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Books Editorial

Deborah Moggach.jpg Can we have a word…?
 

Words! There will be plenty of them at this year’s Hexham Book Festival, which, since it first saw light of day back in 2006, has flowered into one of the most significant literary events in the north.

Oh my! How you’ve grown! I think it’s fair to say that the Hexham Book Festival can now officially be put into the category of: A Very Big Deal. And this year it’s expanded to such an extent that the organisers have had to secure extra space to squeeze everything in. Alongside usual venues such as the Queen’s Hall Arts Centre, Hexham Abbey, Bouchon Bistrot, Beaumont Hotel and Linnels Farm, in 2020 we’ll see the first appearance of the magnificent Spiegeltent. This specially built construction will be set up in Sele Park, and, as well as hosting performances, this will be the place to head if you’re in need of, among other stuff, circus fun (yep, circus fun. Brace yourself for workshops for both adults and children).

The line-up this year is packing significant thrills and when my eyes flitted excitedly over the programme I was drawn to a multitude of delights, not least Hollie McNish. The performance poet extraordinaire will lead a special evening with topics ranging from guilt to sex, politics to parenthood (with maybe some school disco action thrown in for good measure). Always candid, always insightful, always funny she will be joined by Dean Atta (named as “one of poetry’s greatest modern voices” by Gay Times) and Michael Pederson who won huge plaudits for his acclaimed debut collection ‘Play with Me’. 

Another woman who always make me smile (read: wet myself) is Jenny Eclair. This multi-talented lass has not only won the prestigious Perrier Award for her stand-up but is also a best-selling author. Her latest, and fifth novel, is ‘Inheritance’. It deals with a premature death and the tremors it sends through generations of the Carmichael family. She describes it as, “a fruitcake of a book”, which sounds like something I can really get my teeth into.

There will be plenty of well-known faces at the festival, none more so that BBC news presenter George Alagiah. His debut novel is ‘The Burning Land’, which is set in modern day South Africa and shaped by the author’s first hand experiences and real life events. It’s a fast-paced political thriller that centres on the hunt for a murderer. Crikey! The night will be chaired by the former MP Chris Mullin, who, earlier in the festival, will host a special night on why Labour lost the last election, and what it must do to recapture the centre ground (my question: where do you think the centre ground actually is? And is it a place where public services are run for private profit?)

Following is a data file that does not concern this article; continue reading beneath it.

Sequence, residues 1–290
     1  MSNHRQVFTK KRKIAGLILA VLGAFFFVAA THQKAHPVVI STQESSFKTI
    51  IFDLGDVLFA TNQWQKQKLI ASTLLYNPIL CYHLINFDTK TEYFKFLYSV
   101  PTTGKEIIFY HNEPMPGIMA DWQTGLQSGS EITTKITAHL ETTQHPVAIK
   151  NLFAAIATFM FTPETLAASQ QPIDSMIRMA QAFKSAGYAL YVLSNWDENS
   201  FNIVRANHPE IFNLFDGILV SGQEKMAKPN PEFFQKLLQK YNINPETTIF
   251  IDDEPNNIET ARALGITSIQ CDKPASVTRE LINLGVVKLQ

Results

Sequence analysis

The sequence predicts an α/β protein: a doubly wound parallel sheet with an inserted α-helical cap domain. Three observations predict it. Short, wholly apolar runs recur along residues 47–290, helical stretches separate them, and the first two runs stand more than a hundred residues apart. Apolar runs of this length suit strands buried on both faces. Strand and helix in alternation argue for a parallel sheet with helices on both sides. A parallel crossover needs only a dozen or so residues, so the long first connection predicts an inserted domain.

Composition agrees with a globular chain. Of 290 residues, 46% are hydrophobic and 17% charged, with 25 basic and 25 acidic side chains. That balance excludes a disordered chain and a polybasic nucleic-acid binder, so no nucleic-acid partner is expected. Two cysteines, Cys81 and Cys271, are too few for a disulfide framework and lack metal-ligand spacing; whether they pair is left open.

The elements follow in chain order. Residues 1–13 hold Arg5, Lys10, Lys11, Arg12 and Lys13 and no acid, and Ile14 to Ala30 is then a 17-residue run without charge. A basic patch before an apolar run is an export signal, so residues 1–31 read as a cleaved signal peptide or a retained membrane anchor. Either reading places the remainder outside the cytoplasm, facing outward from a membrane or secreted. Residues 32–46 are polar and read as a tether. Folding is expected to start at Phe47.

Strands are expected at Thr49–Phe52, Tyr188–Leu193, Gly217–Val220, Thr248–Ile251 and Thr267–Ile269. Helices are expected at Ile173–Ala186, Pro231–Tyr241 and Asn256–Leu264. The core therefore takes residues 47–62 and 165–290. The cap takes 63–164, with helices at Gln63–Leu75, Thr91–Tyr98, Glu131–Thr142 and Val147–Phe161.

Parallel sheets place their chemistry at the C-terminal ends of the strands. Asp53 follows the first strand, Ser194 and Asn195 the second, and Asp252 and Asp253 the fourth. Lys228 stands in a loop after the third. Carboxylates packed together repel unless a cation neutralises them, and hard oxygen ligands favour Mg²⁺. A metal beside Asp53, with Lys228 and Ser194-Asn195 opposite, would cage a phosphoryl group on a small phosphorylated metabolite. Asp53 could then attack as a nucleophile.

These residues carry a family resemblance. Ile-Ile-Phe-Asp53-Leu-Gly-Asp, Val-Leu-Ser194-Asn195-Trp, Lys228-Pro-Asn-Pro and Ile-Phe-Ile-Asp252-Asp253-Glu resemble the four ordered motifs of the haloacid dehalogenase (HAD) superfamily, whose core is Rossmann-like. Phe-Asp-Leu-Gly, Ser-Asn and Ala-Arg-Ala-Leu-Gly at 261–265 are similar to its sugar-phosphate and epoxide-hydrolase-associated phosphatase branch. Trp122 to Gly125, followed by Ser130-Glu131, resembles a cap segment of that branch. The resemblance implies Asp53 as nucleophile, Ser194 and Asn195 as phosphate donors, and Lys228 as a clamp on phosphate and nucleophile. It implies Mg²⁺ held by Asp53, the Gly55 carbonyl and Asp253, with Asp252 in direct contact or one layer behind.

Paul Mason probably has his own views on where the centre ground is and the political broadcaster and journalist will be on hand to talk about his new book ‘Clear Bright Future’. In it he argues that we need to think about our own identity as humans, which, he believes, is currently being eroded. 

There will be more political chit-chat with Gavin Esler. The former BBC man – and Change UK candidate – will be presenting ‘Brexit without the bullsh*t’. Will it create more jobs, or punch holes in the NHS? And what about food and drug shortages? From bendy bananas to border controls, Esler will be drawing on personal anecdotes, reportage and expert reports (experts! Remember them?).

Deborah Moggach (pictured) will be among the big-hitting novelists in attendance. The bestselling author of ‘The Best Marigold Hotel’ and ‘Tulip Fever’ will be chatting about her new novel ‘The Carer’. In this witty and poignant work she considers family, ageing, the stories we construct to protect ourselves and the idea that life most definitely does not stop for the elderly – it just moves on to a very different plane, full of surprising twists and turns. 

Another modern literary great is AN Wilson who is rightly lauded for his many biographies. In Hexham he will look back at Charles Dickens’ early death aged 58 to reveal the key events that shaped his life and work. Wilson goes beyond the standard narrative biographical approach to brilliantly revisit the source of Dickens’ exuberant and vivid imagination and reveal why his novels captured the hearts of the Victorian public.

There will also be plenty of laughs to be had at the festival including the ‘Comedy Words Gala’, featuring a stellar line up including Britain’s Got Talent winner Lost Voice Guy, Britain’s Got Talent semi-finalist Jonny Awsum, the award-winning Ada Campe, top Geordie comic Gavin Webster, the popular Steve Shanyaski and star of Channel 4’s ‘The Tez O’Clock Show’ Tez Ilyas

These comics really know their stuff but the visual and performance artist Victoria Melody is a beginner when it comes to the funny stuff. Her new show ‘Professional Stranger’ is all about her attempts at becoming a stand-up comedian. Wearing technology that shows in real time what happens to the brain when you tell jokes, Victoria will spill all about her attempts at launching herself into the world of British amateur stand-up. 

I’m only scratching the surface of everything that is happening this year – there are literally dozens of events taking place over the ten days of the festival (I haven’t even mentioned the food tasting, children’s stuff, or ‘Game of Thrones’ quiz…) – so be sure to visit the website, below, for the full caboodle.

Hexham Book Festival, Friday 24 April-Sunday 3 May. hexhambookfestival.co.uk